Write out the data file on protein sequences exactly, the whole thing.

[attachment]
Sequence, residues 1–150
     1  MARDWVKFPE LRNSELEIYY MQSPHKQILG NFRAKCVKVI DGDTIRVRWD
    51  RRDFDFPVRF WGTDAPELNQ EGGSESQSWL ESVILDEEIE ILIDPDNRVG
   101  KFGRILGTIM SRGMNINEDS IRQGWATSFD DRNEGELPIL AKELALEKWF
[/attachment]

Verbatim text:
Sequence, residues 1–150
     1  MARDWVKFPE LRNSELEIYY MQSPHKQILG NFRAKCVKVI DGDTIRVRWD
    51  RRDFDFPVRF WGTDAPELNQ EGGSESQSWL ESVILDEEIE ILIDPDNRVG
   101  KFGRILGTIM SRGMNINEDS IRQGWATSFD DRNEGELPIL AKELALEKWF